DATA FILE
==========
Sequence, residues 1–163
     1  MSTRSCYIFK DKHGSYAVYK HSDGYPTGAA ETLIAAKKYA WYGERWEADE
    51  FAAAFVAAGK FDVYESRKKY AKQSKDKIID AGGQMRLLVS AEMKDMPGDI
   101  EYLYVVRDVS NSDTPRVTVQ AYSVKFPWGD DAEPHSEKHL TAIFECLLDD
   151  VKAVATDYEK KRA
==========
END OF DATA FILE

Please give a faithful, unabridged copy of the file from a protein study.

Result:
Sequence, residues 1–163
     1  MSTRSCYIFK DKHGSYAVYK HSDGYPTGAA ETLIAAKKYA WYGERWEADE
    51  FAAAFVAAGK FDVYESRKKY AKQSKDKIID AGGQMRLLVS AEMKDMPGDI
   101  EYLYVVRDVS NSDTPRVTVQ AYSVKFPWGD DAEPHSEKHL TAIFECLLDD
   151  VKAVATDYEK KRA